Southwest Airlines Co. raised fares and packed its planes over the summer, and the nation's biggest discount carrier says bookings look solid the rest of the year.
Southwest's third-quarter results and outlook for the fall suggest that air travel is holding up despite fears that consumers and companies might cut back because of the weak economy.
"There is no sense that the economy is weakening, by our business," said Chairman and CEO Gary C. Kelly.
While its airline business did well during the peak travel season, Southwest posted a $140 million third-quarter loss because its fuel-hedging bets turned sour when oil prices fell this summer. It was Southwest's first loss in two years _ the last one was also due to hedging.
Without the hedging markdown and one-time expenses, Southwest would have earned $122 million, or 15 cents per share _ a penny better than analysts expected.
Southwest and other airlines felt confident enough about demand to raise prices this week, the first broad increase in airfares since the summer.
J.P. Morgan analyst Jamie Baker said the combination of Southwest's results and the fare hike bode well for the airline industry, which is in the midst of a precarious recovery that began last year but is now threatened by high fuel prices and economic malaise.
Southwest's quarterly revenue rose 35 percent to $4.31 billion, thanks largely to the May addition of AirTran Airways. That beat the $4.17 billion forecast among analysts surveyed by FactSet.
Southwest boosted its average fare 7.4 percent, to $142.31, and still packed more people into its planes, selling 82 percent of its seats, a high average for the Dallas-based airline.
The performance beat that of American Airlines parent AMR Corp., which lost $162 million in the third quarter and suffered its fourth straight loss and 14th in the last 16 quarters.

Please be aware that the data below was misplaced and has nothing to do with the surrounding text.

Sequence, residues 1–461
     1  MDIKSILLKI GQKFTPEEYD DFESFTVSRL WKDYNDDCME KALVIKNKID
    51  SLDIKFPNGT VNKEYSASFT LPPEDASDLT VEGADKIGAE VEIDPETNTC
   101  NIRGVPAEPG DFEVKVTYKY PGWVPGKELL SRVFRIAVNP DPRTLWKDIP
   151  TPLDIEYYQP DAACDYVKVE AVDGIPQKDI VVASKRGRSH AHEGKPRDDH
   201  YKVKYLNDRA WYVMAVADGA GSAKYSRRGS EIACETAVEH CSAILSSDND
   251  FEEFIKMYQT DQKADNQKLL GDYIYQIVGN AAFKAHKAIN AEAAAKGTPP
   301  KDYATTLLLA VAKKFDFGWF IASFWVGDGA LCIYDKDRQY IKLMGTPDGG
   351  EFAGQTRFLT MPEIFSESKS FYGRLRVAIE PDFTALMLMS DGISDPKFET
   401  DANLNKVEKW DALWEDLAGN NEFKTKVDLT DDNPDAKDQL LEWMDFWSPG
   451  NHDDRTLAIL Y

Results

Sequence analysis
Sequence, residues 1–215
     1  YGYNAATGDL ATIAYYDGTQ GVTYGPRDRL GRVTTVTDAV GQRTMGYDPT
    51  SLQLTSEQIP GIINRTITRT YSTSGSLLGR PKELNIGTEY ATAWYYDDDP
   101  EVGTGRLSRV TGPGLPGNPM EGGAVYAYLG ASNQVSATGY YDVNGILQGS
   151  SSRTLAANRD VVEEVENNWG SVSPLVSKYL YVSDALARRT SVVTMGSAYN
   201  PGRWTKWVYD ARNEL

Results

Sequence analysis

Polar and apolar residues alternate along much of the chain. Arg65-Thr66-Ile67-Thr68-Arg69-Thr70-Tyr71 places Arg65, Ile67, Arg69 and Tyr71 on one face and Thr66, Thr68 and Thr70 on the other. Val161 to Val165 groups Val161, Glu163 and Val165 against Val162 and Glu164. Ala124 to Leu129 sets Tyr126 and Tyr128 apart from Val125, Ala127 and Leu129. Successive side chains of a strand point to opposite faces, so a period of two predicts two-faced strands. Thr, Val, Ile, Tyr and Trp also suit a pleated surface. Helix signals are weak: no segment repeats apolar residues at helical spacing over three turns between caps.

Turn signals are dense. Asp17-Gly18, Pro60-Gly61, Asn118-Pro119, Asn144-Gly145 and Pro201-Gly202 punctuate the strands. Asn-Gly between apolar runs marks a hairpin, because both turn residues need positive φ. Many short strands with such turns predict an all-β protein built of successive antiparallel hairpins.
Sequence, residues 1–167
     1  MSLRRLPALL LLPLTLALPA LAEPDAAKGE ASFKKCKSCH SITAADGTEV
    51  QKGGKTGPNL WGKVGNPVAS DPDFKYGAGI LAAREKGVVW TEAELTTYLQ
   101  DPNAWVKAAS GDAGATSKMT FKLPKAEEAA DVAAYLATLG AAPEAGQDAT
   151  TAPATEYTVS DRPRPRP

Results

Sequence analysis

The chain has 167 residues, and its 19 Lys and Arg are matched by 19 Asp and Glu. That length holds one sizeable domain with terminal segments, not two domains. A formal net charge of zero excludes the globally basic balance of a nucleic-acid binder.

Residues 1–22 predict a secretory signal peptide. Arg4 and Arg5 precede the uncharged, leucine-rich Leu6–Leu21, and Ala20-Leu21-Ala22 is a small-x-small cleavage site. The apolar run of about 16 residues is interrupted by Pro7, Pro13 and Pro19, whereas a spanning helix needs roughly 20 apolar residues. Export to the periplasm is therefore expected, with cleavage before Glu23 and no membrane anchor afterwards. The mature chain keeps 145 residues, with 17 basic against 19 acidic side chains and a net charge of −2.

United Continental Holdings Inc. and Delta Air Lines Inc. are scheduled to report results next week.
About the only thing not going Southwest's way was the price of fuel. Even with hedging, Southwest spent $1.59 billion on fuel, a 71 percent jump from a year earlier. The addition of AirTran inflated the figure, but the company paid more at the pump _ $3.23 a gallon, up from $2.47 a year ago.
Investors seemed to focus on travel demand and shrug off the hedging losses. Southwest's stock price rose 39 cents, or 4.5 percent, to close at $9.10.
Still, the airline seemed concerned enough about a slowdown that it and AirTran have also been running a fare sale with deeply discounted prices for the dead weeks between Thanksgiving and Christmas, and for January.
CEO Kelly said there's nothing inconsistent about offering a sale while demand is strong, including among business travelers who often book later and pay higher fares.
"We have some customers who are extremely price-sensitive and will only fly at a certain fare level, and we want to get at least some of those folks," he said, referring to the sale targeting leisure travelers.
Separately, Southwest officials said they were making progress in folding AirTran's operations into Southwest.
Kelly said the company has already saved $60 million in annual costs by renegotiating AirTran contracts and cutting overhead and expects to eventually save $400 million a year.
But Southwest has had hiccups in merging the two carriers, including opposition among union leaders at AirTran to a plan for combining pilot workforces. Pilots at both airlines are now voting on a new merger plan, and Southwest has raised the possibility of operating AirTran separately if the deal is voted down.
AirTran sells first-class seats and charges fees for checking a bag or two. Southwest has said it will eliminate those policies when it retires the AirTran name. Although some longtime AirTran customers have complained about the coming changes, Southwest executive vice president Robert E. Jordan said his airline has not lost any AirTran frequent fliers.
Southwest said by the first half of next year, customers will be able to book single itineraries that include flights on Southwest and AirTran, the next step toward completing the integration of the two.
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